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Straight lines

  1. Oct 1, 2015 #1
    Here's something I've been wondering about: does non-Euclidean modern physics imply that there are no straight lines in our universe? If so, how is this possible? With any circular object or space, one can always draw a straight line through it, right? Thanks.
     
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  3. Oct 1, 2015 #2

    Nugatory

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    What exactly do you mean by "non-Euclidean modern physics"? If you're thinking about the non-Euclidean space-time geometries of relativity, these allow straight lines.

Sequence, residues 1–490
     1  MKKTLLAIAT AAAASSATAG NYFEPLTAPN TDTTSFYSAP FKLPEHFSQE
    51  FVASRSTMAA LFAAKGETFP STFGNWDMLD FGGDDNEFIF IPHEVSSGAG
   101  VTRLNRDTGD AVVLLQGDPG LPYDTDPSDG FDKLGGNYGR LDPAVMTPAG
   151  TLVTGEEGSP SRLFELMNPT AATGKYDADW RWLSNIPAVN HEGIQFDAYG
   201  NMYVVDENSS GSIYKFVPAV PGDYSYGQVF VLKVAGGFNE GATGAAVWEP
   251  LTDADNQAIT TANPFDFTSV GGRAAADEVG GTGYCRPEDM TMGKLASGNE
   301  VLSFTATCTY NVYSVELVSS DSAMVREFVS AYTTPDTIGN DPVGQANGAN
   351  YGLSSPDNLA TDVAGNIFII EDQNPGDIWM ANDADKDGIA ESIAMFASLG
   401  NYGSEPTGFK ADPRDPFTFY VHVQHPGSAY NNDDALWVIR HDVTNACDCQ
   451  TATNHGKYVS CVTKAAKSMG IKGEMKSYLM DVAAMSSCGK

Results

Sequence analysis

It's also worth taking a few moments to crisply define what you mean by "straight line". If I present you with a path between points... What standards will you use to determine whether that path is a straight line?
     
  4. Oct 1, 2015 #3

    andrewkirk

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    No. It just means that straight lines - which are called 'geodesics' in Non-Euclidean geometries - don't necessarily have all the same properties that they have in Euclidean geometry.

    For instance, in Euclidean geometry there is only one straight line through a point that is parallel to a line that doesn't pass through the point. In some non-Euclidean geometries there will be multiple such straight lines and in others there will be none.
     
  5. Oct 1, 2015 #4
    Oh, so non-Euclidean ideas build of Euclidean ones?
     
  6. Oct 1, 2015 #5

    andrewkirk

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    In a sense. They are generalisations of them. Riemannian Geometry might be a better word than Non-Euclidean Geometry though, because Riemannian Geometries include both Euclidean and Non-Euclidean Geometries.
     
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